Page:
Puppies found in Italy avalanche hotel boost hope for survivors

 23 Jan 2017 - 19:40

Puppies found in Italy avalanche hotel boost hope for survivors
Italian soldiers gather at the rescue operations center in Penne, some 20 km from the site of an avalanche that engulfed the Hotel Rigopiano in heavy snow and earthquake-ravaged central Italy, on January 23, 2017. Italian rescuers pulled nine survivors from the hotel hit by an avalanche on January 18, 2016 and continue to search the 23 people still trapped under the ruins. A sixth victim was pulled out of the rubble and snow yesterday. AFP / Filippo Monteforte


Penne, Italy: Rescuers recovered three puppies from under the rubble of Italy's avalanche hotel Monday sparking fresh hopes some of the 23 people still missing after five days could be found alive.

Fireman Fabio Jerman said the discovery of the three shaggy white Abruzzo sheepdog pups meant there were still air pockets in the collapsed luxury spa resort, "an important sign of life, which gives us hope".

But as light began to fade, the body of a woman was recovered from the rubble, bringing the number of the dead to seven.

A new route was being dug into the wreck in a last-ditch effort to find survivors, as questions mounted as to whether the disaster could have been avoided.

"It's a race against time, we know we need to go fast, but it's not an easy working environment," fire service spokesman Luca Cari said as teams worked feverishly to reach the centre of the resort, where they believe many of the missing could be.

An email sent by the hotel to local authorities pleading for help just hours before Wednesday's tragedy has gone viral.

Although the email did not mention fears of an avalanche it described the mounting panic of guests trapped in the hotel by snow as earthquakes shook the region.

Five days after the huge avalanche, which struck with the force of 4,000 trucks driving full speed, the small, fresh sign of life within the concrete tomb spurred rescuers on.

The puppies were born in December in the ill-fated Hotel Rigopiano to Lupo and Nuvola (Wolf and Cloud), who escaped when the avalanche hit and were found the following day in a nearby hamlet.

Nine people pulled out alive on Friday had described being trapped in tiny spaces, eating dirty snow in the pitch black to survive.

Burrowing narrow holes in the snow and rubble, rescue workers have been painstakingly searching each room of the lodge.

- Victims still underneath -

Late Sunday rescuers began attempting to access the wreckage from the left-hand side -- a riskier enterprise which could trigger snowfalls but would ultimately get them more quickly to new search zones.

With shovels, drills and their bare hands, they were also working to recover the trapped body of one of the victims, a task expected to take hours.

The other bodies found so far have all been recovered and funerals for two of them -- both employees of the hotel -- were set to take place Tuesday.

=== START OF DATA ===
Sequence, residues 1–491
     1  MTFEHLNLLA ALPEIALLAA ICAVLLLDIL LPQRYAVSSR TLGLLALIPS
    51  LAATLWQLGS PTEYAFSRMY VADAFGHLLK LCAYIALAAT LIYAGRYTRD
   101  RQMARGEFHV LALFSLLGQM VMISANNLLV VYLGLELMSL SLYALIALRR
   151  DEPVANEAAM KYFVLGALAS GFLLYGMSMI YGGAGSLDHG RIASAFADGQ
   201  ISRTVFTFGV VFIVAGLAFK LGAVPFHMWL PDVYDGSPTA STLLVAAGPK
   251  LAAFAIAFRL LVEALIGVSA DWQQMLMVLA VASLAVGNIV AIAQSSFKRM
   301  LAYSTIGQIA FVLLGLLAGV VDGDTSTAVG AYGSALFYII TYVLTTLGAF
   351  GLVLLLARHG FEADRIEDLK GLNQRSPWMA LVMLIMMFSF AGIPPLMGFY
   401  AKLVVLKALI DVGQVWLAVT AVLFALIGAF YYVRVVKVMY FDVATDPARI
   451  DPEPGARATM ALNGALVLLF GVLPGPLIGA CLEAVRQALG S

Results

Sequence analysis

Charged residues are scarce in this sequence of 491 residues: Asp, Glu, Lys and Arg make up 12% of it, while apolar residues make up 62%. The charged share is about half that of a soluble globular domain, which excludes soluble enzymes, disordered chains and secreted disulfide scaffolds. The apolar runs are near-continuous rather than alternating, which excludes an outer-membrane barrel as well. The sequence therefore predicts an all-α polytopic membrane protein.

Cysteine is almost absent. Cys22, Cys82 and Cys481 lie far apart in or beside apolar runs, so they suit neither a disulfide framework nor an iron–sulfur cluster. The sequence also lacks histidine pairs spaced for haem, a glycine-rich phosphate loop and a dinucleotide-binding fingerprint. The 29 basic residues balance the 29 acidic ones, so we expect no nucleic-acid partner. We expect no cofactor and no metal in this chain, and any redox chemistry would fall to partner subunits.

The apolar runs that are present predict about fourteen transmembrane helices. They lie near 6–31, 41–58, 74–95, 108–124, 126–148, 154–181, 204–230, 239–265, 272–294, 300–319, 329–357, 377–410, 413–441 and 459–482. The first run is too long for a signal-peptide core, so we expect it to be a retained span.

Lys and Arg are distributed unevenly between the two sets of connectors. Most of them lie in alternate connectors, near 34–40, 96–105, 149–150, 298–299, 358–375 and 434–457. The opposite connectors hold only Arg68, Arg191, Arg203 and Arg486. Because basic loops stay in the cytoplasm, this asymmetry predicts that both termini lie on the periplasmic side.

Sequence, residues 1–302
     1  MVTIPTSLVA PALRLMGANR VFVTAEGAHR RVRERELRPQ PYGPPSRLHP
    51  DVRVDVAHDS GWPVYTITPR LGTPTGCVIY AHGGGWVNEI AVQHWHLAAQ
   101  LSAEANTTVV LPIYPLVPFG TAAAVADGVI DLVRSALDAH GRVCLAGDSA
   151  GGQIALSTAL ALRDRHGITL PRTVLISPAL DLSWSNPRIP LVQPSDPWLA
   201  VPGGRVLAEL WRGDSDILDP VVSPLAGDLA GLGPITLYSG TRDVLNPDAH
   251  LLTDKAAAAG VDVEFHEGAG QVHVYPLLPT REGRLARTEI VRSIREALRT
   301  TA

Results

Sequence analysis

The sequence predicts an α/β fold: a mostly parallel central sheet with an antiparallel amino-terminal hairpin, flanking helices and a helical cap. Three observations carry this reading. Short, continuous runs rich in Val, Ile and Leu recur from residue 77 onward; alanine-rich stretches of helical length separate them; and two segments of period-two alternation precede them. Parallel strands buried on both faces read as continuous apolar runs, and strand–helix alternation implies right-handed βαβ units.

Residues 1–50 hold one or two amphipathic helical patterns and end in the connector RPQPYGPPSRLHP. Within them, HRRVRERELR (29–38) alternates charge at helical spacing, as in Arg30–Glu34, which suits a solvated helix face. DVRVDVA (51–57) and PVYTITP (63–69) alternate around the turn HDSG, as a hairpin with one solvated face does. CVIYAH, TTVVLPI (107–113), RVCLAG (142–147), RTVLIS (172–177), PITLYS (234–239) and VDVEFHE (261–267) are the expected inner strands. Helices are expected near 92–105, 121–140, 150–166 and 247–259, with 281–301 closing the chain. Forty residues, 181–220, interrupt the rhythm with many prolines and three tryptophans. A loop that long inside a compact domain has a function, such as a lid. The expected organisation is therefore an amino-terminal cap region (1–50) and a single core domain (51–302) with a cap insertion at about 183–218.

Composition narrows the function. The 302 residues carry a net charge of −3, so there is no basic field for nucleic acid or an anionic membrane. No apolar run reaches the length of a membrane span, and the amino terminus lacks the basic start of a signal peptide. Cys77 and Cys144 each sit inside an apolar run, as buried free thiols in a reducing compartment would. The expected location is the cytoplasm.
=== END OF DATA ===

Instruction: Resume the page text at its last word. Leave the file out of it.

Though the avalanche risk was lowered from four to three on a five-point scale, a special radar was installed on the slopes to warn rescue teams of any fresh slides as snow and rain continued to fall on the mountainous area of central Italy.

Investigators in the nearby city of Pescara on the coast stepped up a probe into the disaster, which could lead to manslaughter charges if prosecutors find the luxury spa should not have been built in that area, or should have been evacuated.

The hotel opened in 1972 and was transformed 10 years ago into a four-star hotel with a heated external swimming pool and sauna frequented by celebrities including US actor George Clooney, according to Italian media reports.

Investigators had launched a probe into the number of building permits awarded in the vast Gran Sasso national park amid suspicions of corruption, but the case was dropped in November.

The former mayor of Farindola, whose brother was killed in the hotel disaster, said no one had considered the risk of an avalanche.

- 'Scapegoat' -

Francesco Peduto, head of the National Geologists Council, said it would have been difficult to predict the deadly combination of snowfall and earthquakes.

The area was hit by four powerful quakes in the hours before the avalanche, potentially loosening the snow mantle.

The e-mail sent Wednesday to the authorities by the hotel manager said "the situation has become worrying" and called for help. With the electricity and phone signals down, guests spooked by the quakes were planning to sleep in their cars.

But throughout the region the snow had blocked vulnerable people -- families with young children and the elderly -- in their homes, and local authorities were working with limited resources to clear roads and get people out of freezing cold and dark buildings.

Nearly a week after the quake, some 10,000 homes were still without electricity on Monday.

Italy's Prime Minister Paolo Gentiloni on Sunday urged Italians not to hunt for a "scapegoat", but those still waiting to discover the fate of their loved ones have demanded the truth.